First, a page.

A Fashionista’s Experience with Desktop AR

by Natasha Sethi

Online stores, especially in fashion, are more prevalent than ever. The change in lifestyle and restrictions caused by COVID-19 have boosted online fashion and e-commerce in general. People can now shop for most anything they need from the convenience of home.

But even though comfort levels with online shopping have been elevated over the past year, some longstanding issues persist. For example, customers naturally want to see products in the most organic way possible.

Being a fashionista, I understand and empathize with the desire to view products as I would in person. Product uncertainty is one of the biggest pain points in eCommerce which still hasn’t been solved after more than 20 years of online shopping.

Lesser-Known AR

To alleviate this dilemma, imagine a technology that virtually teleports products to you. This includes shoes, clothes, or accessories — basically any fashion product. The opportunity is to view these products as holograms, including 360-degree views.

Another advantage of this scenario is to customize outfits before making a buying decision. For example, immersive product viewing means that you can see how the back of a dress looks — a missing element in traditional online shopping when multiple angles aren’t offered.

The answer to all of these fashion issues and dilemmas is desktop AR. What is this exactly? It’s a lesser-known flavor of augmented reality that’s native to desktop computing. Because that’s where e-commerce more often happens — versus your smartphone — it’s an area that’s ripe for development.

Unsung Augmentation: 3 AR Formats You May Not Know About

How Does it Work?

Desktop AR works as a propagating technology that allows desktop computers and laptops to create the illusion of 3D objects floating in front of the screen. This allows you to have a holographic experience.

In fact, one of the biggest benefits is to experience basic AR without having to strap on a headset or hold up your mobile device to view AR through a tiny window.

Going deeper on the technicalities, desktop AR renders red-blue 3D images (sort of like watching a movie in 3D) as deemed appropriate to the user’s viewing positions. This requires a pair of anaglyph glasses, also known as 3D glasses. This means that the technology is based on old-school mechanics but brings it to new light (literally).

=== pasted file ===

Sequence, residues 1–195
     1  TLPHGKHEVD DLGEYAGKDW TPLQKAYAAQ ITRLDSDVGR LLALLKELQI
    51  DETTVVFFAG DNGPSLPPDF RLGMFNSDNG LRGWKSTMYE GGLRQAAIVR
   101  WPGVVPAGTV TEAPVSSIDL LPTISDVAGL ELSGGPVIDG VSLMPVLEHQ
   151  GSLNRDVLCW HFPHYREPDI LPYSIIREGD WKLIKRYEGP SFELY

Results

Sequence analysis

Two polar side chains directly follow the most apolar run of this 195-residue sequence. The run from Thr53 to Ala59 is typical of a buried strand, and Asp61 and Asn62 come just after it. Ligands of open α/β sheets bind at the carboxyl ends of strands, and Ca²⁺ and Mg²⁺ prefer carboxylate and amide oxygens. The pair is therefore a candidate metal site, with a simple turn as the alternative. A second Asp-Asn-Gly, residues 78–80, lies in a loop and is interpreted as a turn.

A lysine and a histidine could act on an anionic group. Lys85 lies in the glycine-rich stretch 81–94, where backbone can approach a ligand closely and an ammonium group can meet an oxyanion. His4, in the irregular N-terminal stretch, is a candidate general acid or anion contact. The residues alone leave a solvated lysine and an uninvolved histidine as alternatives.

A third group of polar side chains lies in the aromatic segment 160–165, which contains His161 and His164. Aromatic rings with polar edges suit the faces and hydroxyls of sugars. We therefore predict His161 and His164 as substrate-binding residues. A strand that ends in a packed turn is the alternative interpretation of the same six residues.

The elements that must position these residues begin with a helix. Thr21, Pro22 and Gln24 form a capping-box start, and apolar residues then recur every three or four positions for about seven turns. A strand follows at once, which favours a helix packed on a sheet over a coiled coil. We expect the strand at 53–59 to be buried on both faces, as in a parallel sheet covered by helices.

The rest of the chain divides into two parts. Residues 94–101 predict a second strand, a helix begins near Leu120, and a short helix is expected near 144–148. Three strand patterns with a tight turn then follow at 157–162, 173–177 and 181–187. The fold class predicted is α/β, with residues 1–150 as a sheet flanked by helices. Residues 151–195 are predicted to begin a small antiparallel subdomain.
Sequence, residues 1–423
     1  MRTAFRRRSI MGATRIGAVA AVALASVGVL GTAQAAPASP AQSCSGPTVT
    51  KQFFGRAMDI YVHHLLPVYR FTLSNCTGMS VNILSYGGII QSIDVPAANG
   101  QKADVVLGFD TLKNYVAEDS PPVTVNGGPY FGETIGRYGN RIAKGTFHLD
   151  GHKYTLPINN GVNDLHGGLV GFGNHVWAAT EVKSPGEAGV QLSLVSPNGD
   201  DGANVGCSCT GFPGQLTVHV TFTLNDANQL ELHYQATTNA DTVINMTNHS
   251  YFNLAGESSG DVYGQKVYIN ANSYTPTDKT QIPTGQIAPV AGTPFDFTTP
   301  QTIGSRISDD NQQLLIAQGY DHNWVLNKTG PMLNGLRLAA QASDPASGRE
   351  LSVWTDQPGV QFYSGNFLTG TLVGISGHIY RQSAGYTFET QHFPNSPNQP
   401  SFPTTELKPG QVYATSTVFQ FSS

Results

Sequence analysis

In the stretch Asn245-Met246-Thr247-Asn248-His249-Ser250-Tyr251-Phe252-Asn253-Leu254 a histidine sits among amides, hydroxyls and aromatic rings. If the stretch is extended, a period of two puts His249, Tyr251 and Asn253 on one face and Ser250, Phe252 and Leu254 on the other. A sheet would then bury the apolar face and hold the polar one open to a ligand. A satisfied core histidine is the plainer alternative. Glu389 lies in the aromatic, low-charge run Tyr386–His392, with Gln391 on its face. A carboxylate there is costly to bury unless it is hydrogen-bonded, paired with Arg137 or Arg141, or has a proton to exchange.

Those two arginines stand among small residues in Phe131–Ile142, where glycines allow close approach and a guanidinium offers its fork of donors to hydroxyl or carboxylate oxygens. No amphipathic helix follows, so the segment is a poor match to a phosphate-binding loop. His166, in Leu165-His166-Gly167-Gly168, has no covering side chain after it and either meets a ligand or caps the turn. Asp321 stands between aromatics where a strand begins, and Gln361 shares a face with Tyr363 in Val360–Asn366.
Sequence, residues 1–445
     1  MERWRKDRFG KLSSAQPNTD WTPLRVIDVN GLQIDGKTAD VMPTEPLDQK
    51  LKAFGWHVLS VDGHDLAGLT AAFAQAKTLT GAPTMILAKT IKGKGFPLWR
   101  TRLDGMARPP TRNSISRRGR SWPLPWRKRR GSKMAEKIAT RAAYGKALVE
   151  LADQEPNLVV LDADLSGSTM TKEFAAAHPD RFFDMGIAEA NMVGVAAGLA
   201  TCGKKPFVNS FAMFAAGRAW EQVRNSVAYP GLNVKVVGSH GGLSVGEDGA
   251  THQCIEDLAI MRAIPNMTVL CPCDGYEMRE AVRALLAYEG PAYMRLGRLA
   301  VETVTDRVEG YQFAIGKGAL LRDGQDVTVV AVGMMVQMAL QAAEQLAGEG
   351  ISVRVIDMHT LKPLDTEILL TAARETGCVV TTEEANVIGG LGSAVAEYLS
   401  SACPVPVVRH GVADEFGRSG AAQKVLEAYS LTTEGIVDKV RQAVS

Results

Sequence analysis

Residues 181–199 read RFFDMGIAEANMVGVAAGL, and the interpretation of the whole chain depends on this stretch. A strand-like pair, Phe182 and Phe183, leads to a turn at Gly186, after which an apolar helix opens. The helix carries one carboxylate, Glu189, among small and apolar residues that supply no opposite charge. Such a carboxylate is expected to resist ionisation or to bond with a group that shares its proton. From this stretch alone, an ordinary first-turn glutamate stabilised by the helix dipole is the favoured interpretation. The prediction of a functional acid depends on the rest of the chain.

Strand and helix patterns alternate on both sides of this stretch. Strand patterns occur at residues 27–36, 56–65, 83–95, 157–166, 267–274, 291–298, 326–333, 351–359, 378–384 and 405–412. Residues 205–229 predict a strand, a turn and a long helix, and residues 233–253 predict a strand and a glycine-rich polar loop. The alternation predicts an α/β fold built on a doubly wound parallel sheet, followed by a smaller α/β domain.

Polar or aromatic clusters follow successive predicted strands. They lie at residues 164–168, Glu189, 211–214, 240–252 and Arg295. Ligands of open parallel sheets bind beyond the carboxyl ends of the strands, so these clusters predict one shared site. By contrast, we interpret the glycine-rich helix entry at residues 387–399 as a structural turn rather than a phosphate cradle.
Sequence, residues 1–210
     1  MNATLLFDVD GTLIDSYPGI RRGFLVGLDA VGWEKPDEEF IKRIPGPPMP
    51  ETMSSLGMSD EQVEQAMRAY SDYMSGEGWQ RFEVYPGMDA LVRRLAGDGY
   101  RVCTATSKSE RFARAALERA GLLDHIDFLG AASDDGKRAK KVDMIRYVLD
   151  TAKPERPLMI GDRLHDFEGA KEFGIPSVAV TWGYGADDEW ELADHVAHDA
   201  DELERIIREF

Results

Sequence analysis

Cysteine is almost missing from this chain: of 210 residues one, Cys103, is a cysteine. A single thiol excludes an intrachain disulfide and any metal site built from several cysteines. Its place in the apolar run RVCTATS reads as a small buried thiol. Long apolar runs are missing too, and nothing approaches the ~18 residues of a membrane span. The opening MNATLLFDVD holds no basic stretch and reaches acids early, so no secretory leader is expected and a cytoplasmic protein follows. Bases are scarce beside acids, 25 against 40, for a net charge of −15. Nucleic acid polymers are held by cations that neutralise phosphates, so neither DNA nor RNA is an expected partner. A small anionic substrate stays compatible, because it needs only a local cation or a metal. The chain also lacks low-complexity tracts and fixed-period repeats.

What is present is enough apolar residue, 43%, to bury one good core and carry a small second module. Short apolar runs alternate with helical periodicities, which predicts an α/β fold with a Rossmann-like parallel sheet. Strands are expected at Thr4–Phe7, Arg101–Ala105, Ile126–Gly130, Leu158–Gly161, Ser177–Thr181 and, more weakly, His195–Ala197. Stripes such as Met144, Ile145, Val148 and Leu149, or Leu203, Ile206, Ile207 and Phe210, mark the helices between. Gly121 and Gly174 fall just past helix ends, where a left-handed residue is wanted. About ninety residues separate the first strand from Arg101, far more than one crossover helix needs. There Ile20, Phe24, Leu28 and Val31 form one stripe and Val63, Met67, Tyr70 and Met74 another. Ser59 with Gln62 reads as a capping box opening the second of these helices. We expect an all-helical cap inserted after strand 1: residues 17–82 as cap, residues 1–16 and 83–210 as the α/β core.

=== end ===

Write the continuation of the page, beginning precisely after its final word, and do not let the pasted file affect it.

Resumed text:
Using your webcam to track your perception, you can also move the screen on command to get a sense of depth. Finally, the experience requires desktop AR software such as that shown in the video below.  The end result is a holographic experience through a stereoscopic view, where objects appear to pop off the screen.


Trying it Out 

Much of the above was validated in my recent hands-on experience. Being someone that isn’t exactly an early adopter of new technologies, the experience had appeal in not requiring lots of equipment.

It was also appealing in its level of graphical detail. The only substantial difference between a hologram and an actual product is that holograms are not tangible. This graphical fidelity is important when being able to gain a more visceral understanding of products in any online shopping scenario.

In terms of fashion, desktop AR could benefit online shoppers in a few key areas. Whether it’s pandemic-inflicted shopping restrictions, a busy schedule that limits time for in-person shopping, or simply a preference towards the convenience of online shopping, desktop AR could be the answer.


Natasha Sethi is a full-time writer who specializes in lifestyle topics such as fashion, health, and dining.

More from AR Insider…